Black herbalists were the tonic the Valley needed

Anne Chesky Smith Special to Black Mountain News

(Editor’s note: This is the second part of Anne Chesky Smith’s story about two African-American midwives treated black and white residents of the Swannanoa Valley. The first part ran in the Feb. 22 Black Mountain News.)

Inez Daugherty, a Black Mountain resident and civic leader who passed away in 2007 at age 95, remembered only two midwives who served Black Mountain – her aunt, Annie Daugherty and Mary Hayden.

Born in the High Top Colony community of Black Mountain in 1888, Daugherty delivered many of the babies born in Black Mountain, Katherine Daugherty Debrow told a local filmmaker in 2001. Hayden may have delivered the rest.

“If there were any whites, I don’t know about them,” Daugherty told an interviewer for an oral history archived at the Swannanoa Valley Museum & History Center.

Though there were a multitude of white doctors across the Valley, Mary Hayden and Annie Daugherty treated white patients as well as black ones. “It didn’t matter whether the family was black, white, willing to pay or even if they had not paid for the previous delivery, Granny would gather her supplies and ‘light out,’" Mary O. Burnette, a Black Mountain resident who is Hayden’s granddaughter, said two weeks ago. "She knew they didn’t have money.”

Daugherty and Hayden made house calls, regardless of the time of day or weather, for folks who couldn’t afford a doctor or didn’t have the time to make it to one.

The Rev. Eugene Byrd, a white Black Mountain teacher, coach and Baptist minister who passed away in 2015 at 99, talked about his birth to an interviewer in an oral history stored at the Swannanoa Valley Museum & History Center. “I was delivered by Aunt Mary Hayden, who of course was a person who did that sort of thing, ‘cause the doctor was a little bit slow a-getting there.” The Byrd family land was adjacent to the Garland Burnette family land near Allen Mountain.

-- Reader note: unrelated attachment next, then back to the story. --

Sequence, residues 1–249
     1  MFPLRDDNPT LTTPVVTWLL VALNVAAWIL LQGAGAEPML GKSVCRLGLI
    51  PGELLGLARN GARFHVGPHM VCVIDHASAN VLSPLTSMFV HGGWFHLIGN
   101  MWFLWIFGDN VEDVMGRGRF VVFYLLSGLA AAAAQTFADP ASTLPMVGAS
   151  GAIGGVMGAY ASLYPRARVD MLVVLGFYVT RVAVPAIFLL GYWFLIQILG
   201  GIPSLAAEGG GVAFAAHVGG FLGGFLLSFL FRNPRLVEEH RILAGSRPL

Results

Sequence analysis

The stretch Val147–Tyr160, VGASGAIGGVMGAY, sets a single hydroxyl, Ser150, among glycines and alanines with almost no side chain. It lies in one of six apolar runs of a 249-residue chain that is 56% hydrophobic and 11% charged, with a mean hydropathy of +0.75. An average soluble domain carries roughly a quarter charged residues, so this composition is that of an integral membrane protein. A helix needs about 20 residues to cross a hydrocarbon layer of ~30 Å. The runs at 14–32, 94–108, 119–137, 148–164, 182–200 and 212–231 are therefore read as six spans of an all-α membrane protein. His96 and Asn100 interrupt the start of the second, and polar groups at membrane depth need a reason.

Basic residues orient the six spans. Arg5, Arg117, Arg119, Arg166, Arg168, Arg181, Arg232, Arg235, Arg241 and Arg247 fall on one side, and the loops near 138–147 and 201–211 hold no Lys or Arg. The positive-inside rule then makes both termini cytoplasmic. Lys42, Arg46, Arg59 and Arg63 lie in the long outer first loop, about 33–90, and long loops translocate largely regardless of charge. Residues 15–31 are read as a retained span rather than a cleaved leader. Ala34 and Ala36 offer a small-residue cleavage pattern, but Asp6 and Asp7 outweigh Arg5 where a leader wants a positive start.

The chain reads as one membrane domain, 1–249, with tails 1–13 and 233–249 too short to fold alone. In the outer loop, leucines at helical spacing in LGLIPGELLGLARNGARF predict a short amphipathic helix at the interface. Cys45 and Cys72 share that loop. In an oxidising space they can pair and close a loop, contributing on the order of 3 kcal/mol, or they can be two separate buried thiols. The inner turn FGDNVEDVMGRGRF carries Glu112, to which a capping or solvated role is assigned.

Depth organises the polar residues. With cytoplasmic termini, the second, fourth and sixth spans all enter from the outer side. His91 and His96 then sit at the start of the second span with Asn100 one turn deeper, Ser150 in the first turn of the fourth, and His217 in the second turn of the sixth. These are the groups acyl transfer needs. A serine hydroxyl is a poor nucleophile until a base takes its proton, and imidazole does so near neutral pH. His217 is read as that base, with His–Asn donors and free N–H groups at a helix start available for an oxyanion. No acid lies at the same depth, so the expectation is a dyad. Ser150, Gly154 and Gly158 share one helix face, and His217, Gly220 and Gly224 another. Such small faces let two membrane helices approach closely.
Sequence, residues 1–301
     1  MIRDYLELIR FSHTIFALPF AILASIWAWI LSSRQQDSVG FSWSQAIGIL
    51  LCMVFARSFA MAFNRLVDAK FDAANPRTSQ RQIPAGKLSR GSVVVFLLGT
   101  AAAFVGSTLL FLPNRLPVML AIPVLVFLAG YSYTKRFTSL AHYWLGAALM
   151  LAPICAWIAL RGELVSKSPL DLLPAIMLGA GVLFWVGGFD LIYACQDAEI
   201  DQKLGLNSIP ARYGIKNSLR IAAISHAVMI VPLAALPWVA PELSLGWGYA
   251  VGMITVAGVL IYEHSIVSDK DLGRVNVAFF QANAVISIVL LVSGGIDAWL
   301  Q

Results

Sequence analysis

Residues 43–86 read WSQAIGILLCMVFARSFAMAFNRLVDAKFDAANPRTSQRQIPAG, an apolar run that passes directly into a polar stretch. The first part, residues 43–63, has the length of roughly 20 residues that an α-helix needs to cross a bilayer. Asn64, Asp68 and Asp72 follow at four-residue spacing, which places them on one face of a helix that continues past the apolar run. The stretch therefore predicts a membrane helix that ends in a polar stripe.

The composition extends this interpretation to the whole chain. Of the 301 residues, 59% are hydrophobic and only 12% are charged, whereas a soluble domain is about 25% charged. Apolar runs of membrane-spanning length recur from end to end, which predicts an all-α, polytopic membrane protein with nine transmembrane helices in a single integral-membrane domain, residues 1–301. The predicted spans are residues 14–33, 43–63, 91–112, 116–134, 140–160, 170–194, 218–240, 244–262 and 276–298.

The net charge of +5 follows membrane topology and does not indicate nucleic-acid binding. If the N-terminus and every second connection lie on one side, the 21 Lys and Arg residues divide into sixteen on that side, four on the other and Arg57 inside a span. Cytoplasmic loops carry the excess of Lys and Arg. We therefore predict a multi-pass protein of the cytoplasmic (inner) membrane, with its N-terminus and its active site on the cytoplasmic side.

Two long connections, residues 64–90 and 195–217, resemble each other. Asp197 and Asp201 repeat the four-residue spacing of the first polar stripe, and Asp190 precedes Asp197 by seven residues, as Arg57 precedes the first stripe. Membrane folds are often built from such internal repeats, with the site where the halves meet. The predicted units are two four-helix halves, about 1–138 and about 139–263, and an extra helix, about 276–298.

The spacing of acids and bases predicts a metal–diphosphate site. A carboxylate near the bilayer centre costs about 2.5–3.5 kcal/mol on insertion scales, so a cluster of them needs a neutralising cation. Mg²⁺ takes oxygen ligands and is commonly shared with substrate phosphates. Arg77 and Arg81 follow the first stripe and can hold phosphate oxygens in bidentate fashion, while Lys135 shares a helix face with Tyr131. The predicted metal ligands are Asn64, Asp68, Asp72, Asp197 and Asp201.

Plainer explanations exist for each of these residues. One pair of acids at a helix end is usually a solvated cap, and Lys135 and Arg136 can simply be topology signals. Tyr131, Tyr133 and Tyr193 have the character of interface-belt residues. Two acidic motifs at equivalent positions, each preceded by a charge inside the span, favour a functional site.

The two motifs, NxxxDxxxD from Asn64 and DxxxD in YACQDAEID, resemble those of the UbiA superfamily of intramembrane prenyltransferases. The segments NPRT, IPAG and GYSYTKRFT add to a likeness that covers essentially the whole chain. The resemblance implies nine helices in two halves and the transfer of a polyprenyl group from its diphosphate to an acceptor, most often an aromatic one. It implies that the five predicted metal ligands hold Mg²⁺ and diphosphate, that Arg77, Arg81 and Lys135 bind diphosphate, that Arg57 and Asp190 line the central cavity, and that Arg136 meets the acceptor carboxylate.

“Fortunately, Granny (Mary Hayden), well into her 80s, was present when my sister delivered her second child," Burnette said. "She looked at the child after the doctor had left, and the child had no features. Granny was familiar with the caul and slipped her thumb under the veil and pulled it off.

"(She) was still ‘catching babies’ long after her great-grands came along. And expectant mothers would send for her after the law required a medical doctor to be in attendance for the birth.”

In the 1920s, state governments began to require midwives, who had traditionally been trained informally by a relative, to get permission slips from doctors to practice. The state required midwives have their homes inspected for cleanliness and have their moral character assessed. These new regulations disproportionately affected African-American and low-income families.

So, Hayden approached the county to receive sterile supplies for her work. She may have been the first African-American woman to be registered with the Buncombe County Health Department as a midwife. For a while she lived in a small, three-room house off Cragmont Road owned by the Nix family.

“Granny would deliver their babies,” Mary Burnette said, “so they let her live there until one of their children needed the house ... At that house was the only time I ever remember her having a doctor. She treated herself.”

Historically, because enslaved people in North Carolina often had little choice about many facets of their lives, they tried to maintain their own medical traditions. Often concealing illnesses from slaveholders, they sought treatment from other slaves – or treated themselves – using herbs cultivated in their gardens, plants gathered in the wild, and the knowledge of their family and friends. Many remedies were also necessary to treat injuries obtained during work, including whipping wounds.